Stream A flows from the northeast, west across the north end of the landfill, and into Wills Creek (Figure 2, Appendix A). It reportedly runs dry during low precipitation periods. The flow of Stream A is interrupted by Pond 2. Wills Creek flows north along the western border of Fultz Landfill towards Cambridge. It receives drainage from both Stream A and the surrounding landscape (Figure 2, Appendix A). It is classified by the Ohio Revised Code 3745-1- 24 as a warmwater habitat, suitable for agricultural and industrial use, and for primary contact. Warmwater habitats are capable of supporting balanced reproducing populations of warmwater fish, associated vertebrate and invertebrate organisms, and plants. Agricultural waters are suitable for irrigation and livestock without treatment. Industrial waters are suitable for commercial and industrial uses (with or without treatment). The criteria vary with the type of industry. Primary contact waters are suitable for swimming and wading. The City of Cambridge uses Wills Creek as a source of municipal water.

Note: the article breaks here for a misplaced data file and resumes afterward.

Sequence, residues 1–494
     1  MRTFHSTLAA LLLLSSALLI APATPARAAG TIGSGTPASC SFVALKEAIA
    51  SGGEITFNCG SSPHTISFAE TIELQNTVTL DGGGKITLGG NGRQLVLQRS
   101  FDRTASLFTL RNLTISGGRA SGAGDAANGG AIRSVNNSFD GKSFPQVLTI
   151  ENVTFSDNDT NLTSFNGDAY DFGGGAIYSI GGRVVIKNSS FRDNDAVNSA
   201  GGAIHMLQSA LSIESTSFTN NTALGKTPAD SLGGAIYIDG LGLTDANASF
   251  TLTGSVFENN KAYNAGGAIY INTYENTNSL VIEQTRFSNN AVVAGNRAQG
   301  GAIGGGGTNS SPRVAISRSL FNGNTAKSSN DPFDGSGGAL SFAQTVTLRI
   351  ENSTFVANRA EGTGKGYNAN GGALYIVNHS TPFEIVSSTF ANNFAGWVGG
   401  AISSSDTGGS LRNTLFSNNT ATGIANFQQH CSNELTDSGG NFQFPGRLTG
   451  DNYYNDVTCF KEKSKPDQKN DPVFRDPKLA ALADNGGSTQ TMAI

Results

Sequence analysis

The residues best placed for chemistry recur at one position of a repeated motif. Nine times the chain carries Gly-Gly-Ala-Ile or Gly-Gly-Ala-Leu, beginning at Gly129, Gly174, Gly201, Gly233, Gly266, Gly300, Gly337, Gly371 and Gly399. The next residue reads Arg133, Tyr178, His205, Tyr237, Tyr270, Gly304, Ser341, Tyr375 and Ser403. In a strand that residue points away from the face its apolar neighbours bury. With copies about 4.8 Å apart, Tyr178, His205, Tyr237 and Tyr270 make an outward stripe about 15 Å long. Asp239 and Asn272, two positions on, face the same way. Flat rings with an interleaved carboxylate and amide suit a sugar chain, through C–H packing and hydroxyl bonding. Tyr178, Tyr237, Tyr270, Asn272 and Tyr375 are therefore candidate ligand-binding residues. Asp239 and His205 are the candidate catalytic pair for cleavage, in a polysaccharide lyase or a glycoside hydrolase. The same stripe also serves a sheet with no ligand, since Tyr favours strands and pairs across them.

The City of Byesville gets its water from the deep mine aquifer. Deep mining in the area created this aquifer. The municipal water pumping station is about 1 mile southeast of the site. Residents in the area who do not get their water from Byesville or Cambridge, depend on groundwater for drinking water. The closest residential well is approximately 400 feet from the site.
The only health outcome data available are county cancer mortality data and county birth defects data. Please see the Public Health Implications section for a discussion of the health outcome data evaluation.
Initial efforts to obtain community concerns were not successful. The Ohio Department of Health held a public availability session on February 20, 1991 to talk with individual community members about their community health concerns. The Guernsey County Health Commissioner attended the meeting and indicated that there is a lack of community concern. The County Health Department has not received any community concern information. Public notice of the meeting was in local newspapers and on local radio. Examples of materials available at the meeting are contained in Appendix B. No members of the community attended the meeting. There does not appear to be community health concerns which relate to the Fultz Landfill.